19 Other MIT Collaborators Academic Computing Open Knowledge Initiative Learning Object repository OpenCourseWare Course content, including 3 rd party Information Systems (computer center)

20 Library Collections Libraries another DSpace community Reformatted print collections Scanned theses, tech reports, etc. Especially to complete a series Digital image collections, etc. 3 rd party archiving (e-journals, etc.)

21 Dspace Architecture

22 Standards-based Modular architecture, well-defined APIs 100% open source Programmed in java RDBMS and SQL for metadata CNRI “handles” for persistent identifiers X.509 certificate-based access control (MIT) OpenURL linking OAI-PMH for exposing metadata

23 OAIS-compliant Archival Information Packages Export format Custom XML schema now METS soon waiting for technical and rights metadata extension schemas SCORM/IMS packages too

24 Technology Stack Apache, Tomcat, OpenSSL/mod_ssl Java 1.3, JSP 1.2, Servlet 2.3 PostgreSQL 7, JDBC (rdbms) CNRI Handle System 5 (persistent ids) Lucene 1.2 (index/search) Jena (RDF History system) JUnit (testing), Log4j (logging) HP/UX, Linux, Mac OS X, Solaris, etc.

25 Metadata Qualified Dublin Core based on Library Application Profile Crosswalk from MARC based on Library of Congress crosswalk Crosswalk from SCORM/IMS Minimal technical/preservation metadata

26 DSpace Federation Target audience research libraries, government agencies, cultural heritage institutions (museums, archives) Inside/outside the US Overlapping/complementary research interests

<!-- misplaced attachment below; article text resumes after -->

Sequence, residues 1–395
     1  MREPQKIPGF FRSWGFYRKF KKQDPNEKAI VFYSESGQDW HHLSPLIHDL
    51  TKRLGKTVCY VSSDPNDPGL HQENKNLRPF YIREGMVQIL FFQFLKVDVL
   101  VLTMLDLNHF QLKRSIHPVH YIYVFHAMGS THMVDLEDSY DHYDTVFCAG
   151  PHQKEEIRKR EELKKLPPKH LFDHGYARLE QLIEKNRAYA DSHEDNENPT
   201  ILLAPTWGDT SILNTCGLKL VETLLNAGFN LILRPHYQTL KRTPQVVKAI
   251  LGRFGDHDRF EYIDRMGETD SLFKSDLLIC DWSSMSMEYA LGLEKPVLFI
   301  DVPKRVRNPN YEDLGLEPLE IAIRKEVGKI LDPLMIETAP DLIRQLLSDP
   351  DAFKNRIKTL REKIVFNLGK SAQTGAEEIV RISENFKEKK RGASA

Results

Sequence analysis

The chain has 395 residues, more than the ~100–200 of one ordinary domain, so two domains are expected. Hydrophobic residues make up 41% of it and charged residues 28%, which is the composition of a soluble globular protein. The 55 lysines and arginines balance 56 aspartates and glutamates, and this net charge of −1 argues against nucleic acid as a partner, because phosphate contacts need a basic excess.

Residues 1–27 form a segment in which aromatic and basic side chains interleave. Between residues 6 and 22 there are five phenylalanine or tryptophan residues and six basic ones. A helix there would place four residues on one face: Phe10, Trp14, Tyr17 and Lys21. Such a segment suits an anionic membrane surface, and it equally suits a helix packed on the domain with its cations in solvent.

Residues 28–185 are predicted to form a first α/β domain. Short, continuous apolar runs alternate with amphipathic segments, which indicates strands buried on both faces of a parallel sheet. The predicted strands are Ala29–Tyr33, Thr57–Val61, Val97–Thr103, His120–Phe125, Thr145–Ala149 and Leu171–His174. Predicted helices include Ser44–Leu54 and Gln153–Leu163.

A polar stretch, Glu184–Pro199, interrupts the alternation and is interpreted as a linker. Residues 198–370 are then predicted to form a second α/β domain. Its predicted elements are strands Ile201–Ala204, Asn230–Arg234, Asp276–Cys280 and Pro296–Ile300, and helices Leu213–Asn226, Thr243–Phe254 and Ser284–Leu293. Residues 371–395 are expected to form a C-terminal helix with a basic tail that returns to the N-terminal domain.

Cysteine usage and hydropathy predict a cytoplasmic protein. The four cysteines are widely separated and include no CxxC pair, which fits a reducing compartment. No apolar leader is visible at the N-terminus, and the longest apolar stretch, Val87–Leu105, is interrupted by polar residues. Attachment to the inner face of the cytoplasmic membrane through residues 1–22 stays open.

27 DSpace Federation Goals Drive DSpace development open source development model Build critical mass of content support useful interoperation Leverage distributed expertise metadata digital preservation

28 Federation Benefits Socio-political Shared direction, leadership, priorities, goals, resources Standards development Putting weight behind “best practices” e.g. W3C, NISO, IETF, ARL/DLF standards Drive commercial developments

29 Federation Benefits Federated Services, e.g Virtual collections Networked Digital Library of Theses and Dissertations New publishing ventures “Overlay” e-journal located at multiple institutions Cross-institution/cross-collection search NCSTRL project OAI indexes in any subject Distributed services Leverage industry services supporting preservation, etc.

30 Federation Partners Cambridge University (UK) Columbia University (US) Cornell University (US) Ohio State University (US) University of Rochester (US) University of Toronto (Canada) University of Washington (US)

31 Research Agenda Digital Library research program Build on the DSpace platform Exploit MIT’s leadership in Technological innovation Industry partnerships Responsible research

32 Research Areas SIMILE Flexible metadata infrastructure e.g. support for SCORM/IMS schema HP/MIT Alliance-funded project with W3C’s Semantic Web activity David Karger’s Haystack research on personalized information management MIT Libraries provide expertise, test-bed, real- world applications

33 Research Areas Digital preservation Scope Digital content files (e.g. audio, video, image, text) Web sites (e.g. OCW, W3C) Software programs CMI-funded project with Cambridge University to collaborate on preservation “filters” Personal Archiving strategies DSpace on your desktop Proactive collaboration with content creators

34 Research Areas New Publishing Models Open Archives Initiative Collection sharing, aggregation Content delivery/publishing infrastructure E-communities (e.g. MIT Press CogNet) E-journals authored and edited by faculty Open, standardized Rights Management Micropayment support Fine-grained access control (individual subscribers)

35 Other Collaborations Open Knowledge Initiative Persistent repository for Learning Objects Implementing DR API OpenCourseWare Scope: all course content, including 3 rd party Archive for entire course web site Expose eligible content items for reuse Creative Commons

36 More Info http://dspace.org (informational site) (live system)


38 Ingest Process